Menopause And Insomnia Often Go Hand In Hand
Menopause is a problem that all women face eventually. It’s only a matter of time. We’ve all heard about the mood swings and hot flashes that can be associated with it. If you’re undergoing menopause, though, another problem that you may face that gets a lot less publicity is insomnia. After all, there is definitely a relationship between menopause and insomnia.
When it comes to insomnia and menopause, there are actually a couple ways that they can go together. It depends a bit on your specific situation. So, let’s look at what they are and how to treat them.
General stress is enough to give anyone a bout of insomnia. As a woman during menopause, though, your stress levels are likely to be much higher than average. You might often find your mind wandering all over the place at night. If you’re thinking about a billion things at once, or even hyper-focusing on one thought, it can be impossible to rest properly.
So, one way to relieve insomnia during menopause is to cut back on stress as much as you can. That means giving yourself permission and time to relax, particularly for a couple of hours before bed. You can’t expect to go from wide awake to out like a light in a matter of seconds. It takes time to unwind and calm down after a long day.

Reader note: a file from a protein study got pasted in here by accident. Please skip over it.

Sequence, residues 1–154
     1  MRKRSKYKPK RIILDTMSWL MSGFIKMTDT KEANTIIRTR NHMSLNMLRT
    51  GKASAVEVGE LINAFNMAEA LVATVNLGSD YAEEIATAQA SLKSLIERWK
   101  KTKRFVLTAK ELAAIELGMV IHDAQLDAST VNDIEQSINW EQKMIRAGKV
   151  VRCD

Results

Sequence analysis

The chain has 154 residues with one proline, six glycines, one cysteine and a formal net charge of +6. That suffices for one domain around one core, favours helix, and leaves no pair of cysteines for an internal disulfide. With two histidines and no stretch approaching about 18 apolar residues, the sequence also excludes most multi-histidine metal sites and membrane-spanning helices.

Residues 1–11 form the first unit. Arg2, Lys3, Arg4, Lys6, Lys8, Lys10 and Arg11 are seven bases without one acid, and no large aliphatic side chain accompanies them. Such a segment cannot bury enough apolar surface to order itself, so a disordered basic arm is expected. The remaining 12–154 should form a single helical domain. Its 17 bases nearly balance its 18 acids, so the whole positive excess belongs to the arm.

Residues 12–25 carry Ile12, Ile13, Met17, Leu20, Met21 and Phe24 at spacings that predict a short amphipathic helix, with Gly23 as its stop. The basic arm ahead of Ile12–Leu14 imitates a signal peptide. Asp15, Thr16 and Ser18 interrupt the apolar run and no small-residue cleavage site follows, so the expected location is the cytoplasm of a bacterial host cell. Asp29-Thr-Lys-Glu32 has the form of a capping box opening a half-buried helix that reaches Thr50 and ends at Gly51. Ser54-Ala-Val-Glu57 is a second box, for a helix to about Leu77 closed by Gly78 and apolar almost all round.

Hot Flashes/Night Sweats:
Unfortunately, menopause causes all sorts of “fun” changes within your body. The hormone imbalance can have a lot of side-effects, including hot flashes and night sweats. If your body temperature is out of whack, you may not be reaching a deep sleep. Not only that, but if you sweat so much that your sheets get soaked, you’re going to wake up. There’s no way to sleep through such a thing.
There are a couple of ways to limit the chances of that happening, though. One way is to make sure that your room is cool, that should help you keep your body temperature in check, at least a little bit. You can also try taking natural supplements that can help to stabilize your body a bit.
During menopause, especially, it’s important to get a good night’s sleep. After all, your body is stressed enough without being sleep deprived, too. There are a few things you can do to help your insomnia, regardless of the cause.
To begin with, eat foods like chicken, turkey and carbohydrates, since they can stimulate production of sleep-inducing serotonin. Also, be sure to avoid unhealthy, sugary, spicy or caffeinated foods or drinks in the evening. They can affect you for several hours and make it impossible to sleep.
Finally, if you want to treat menopause and insomnia, do yourself a favor. Relax. It’s all about relaxation. Make sure that your bedroom is a safe haven where you feel comfortable. Also, make sure your bed itself is comfortable. You can’t sleep in a room you hate or on a bed you hate, after all.